WAP-5E (6/23/05 version)
Watershed Action Planning And Implementation: Targets, Science-Based NPS Implementation
State of Ohio NPS Vision, Watershed Action Planning and Implementation
Proposed Targets, Science-based NPS Implementation
Goal: In Ohio, state endorsed watershed action plans or source water protection plans are vital components of the NPS Program strategy for addressing NPS causes and sources of water quality impairment and/or drinking water protection.
Science-based: Decision-making is based on acquisition, compilation, and analysis of water and cultural resources, biology, geology, and land use data as outlined in a state endorsed watershed action plan, source water protection plan, and/or pre- and post-implementation monitoring and evaluation data.
Target 1: by 2006, develop a consistent process for selecting and conducting intensive evaluations of a sub-set of 319 implementation projects. The purpose of the intensive evaluation is to compare project results to water quality standards, historical data, and TMDL/watershed action plan recommendations and predictions.
Baseline: Two stream restoration projects in Powderlick Run (Bokes Creek watershed) and the Middle Cuyahoga River (both TMDL watersheds) have been selected for intensive evaluation.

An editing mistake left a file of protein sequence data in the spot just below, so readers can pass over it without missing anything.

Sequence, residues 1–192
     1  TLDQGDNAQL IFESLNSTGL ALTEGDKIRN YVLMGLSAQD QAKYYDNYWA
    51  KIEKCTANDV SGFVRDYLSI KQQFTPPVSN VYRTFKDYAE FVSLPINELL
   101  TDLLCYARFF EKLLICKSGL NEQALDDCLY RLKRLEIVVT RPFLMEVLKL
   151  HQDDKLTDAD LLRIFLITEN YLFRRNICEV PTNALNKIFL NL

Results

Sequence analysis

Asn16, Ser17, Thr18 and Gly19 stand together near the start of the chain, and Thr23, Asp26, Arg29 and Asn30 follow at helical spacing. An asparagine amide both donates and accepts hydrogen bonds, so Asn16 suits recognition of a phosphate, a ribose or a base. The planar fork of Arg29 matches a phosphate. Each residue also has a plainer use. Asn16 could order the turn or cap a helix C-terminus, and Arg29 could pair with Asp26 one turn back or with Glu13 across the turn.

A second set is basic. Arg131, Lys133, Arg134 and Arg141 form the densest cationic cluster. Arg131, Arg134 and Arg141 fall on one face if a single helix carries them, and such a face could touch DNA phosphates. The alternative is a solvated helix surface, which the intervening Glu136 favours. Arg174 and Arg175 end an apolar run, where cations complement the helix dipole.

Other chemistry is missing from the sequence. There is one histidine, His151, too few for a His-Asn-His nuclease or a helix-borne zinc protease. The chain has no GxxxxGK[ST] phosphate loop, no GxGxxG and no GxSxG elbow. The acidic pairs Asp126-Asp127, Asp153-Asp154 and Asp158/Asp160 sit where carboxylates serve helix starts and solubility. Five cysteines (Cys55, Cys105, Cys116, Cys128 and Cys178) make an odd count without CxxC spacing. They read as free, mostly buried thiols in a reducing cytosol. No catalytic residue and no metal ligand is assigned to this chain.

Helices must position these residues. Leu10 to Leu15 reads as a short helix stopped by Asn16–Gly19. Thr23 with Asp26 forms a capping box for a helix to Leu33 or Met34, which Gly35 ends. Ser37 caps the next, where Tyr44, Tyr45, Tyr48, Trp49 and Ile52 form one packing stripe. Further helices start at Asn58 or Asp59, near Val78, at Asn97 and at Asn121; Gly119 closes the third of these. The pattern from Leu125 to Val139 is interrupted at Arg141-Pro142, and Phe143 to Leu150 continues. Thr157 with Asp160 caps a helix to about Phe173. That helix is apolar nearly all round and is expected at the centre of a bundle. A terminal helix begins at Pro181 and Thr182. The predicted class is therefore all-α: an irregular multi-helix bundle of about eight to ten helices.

Target 2: By 2010, report intensive project evaluation results for seven 319 implementation projects.
Baseline: Intensive evaluations are underway for two projects, with a preliminary report on Powderlick Run results expected in 2005.
Target 3: By 2010, 25 random annual field inspections of 319 implementation project sites show 100% of the BMPs are operated and maintained as designed.
Baseline: Ninety-five percent of sites inspected to date are operated and maintained as designed.
Target 4: By 2010, an annual random BMP survey of a sub-set of implementation projects is done by all major NPS funders.
Baseline: Annual random BMP survey of a sub-set of implementation projects is done by Ohio EPA/ODNR staff for the 319 Grants Program and by NRCS staff for practices funded by Farm Bill cost-share. NRCS is also implementing the Conservation Effects Assessment Program (CEAP) nationally. In particular, Heidelberg College is conducting research to support CEAP implementation in Ohio.
Target 5: By 2006, an annual review of implementation project results funded by 319, WPCLF, WRRSP, AML, and USDA is conducted to record and report data on pollution reduction and/or stream miles/riparian acres protected/restored.
Baseline: An annual review and report of implementation projects are done by the 319 grants program and the ODNR, Division of Soil & Water, Pollution Abatement Program.
Target 6: By 2010, local monitoring and evaluation of environmental results from implementation of state endorsed components of a WAP, will occur in 30% of projects, regardless of implementation funding source.
Baseline: Local monitoring and evaluation of environmental results from project implementation occurs in 15 to 30% of 319 implementation projects, depending on the mix of projects in a given funding cycle.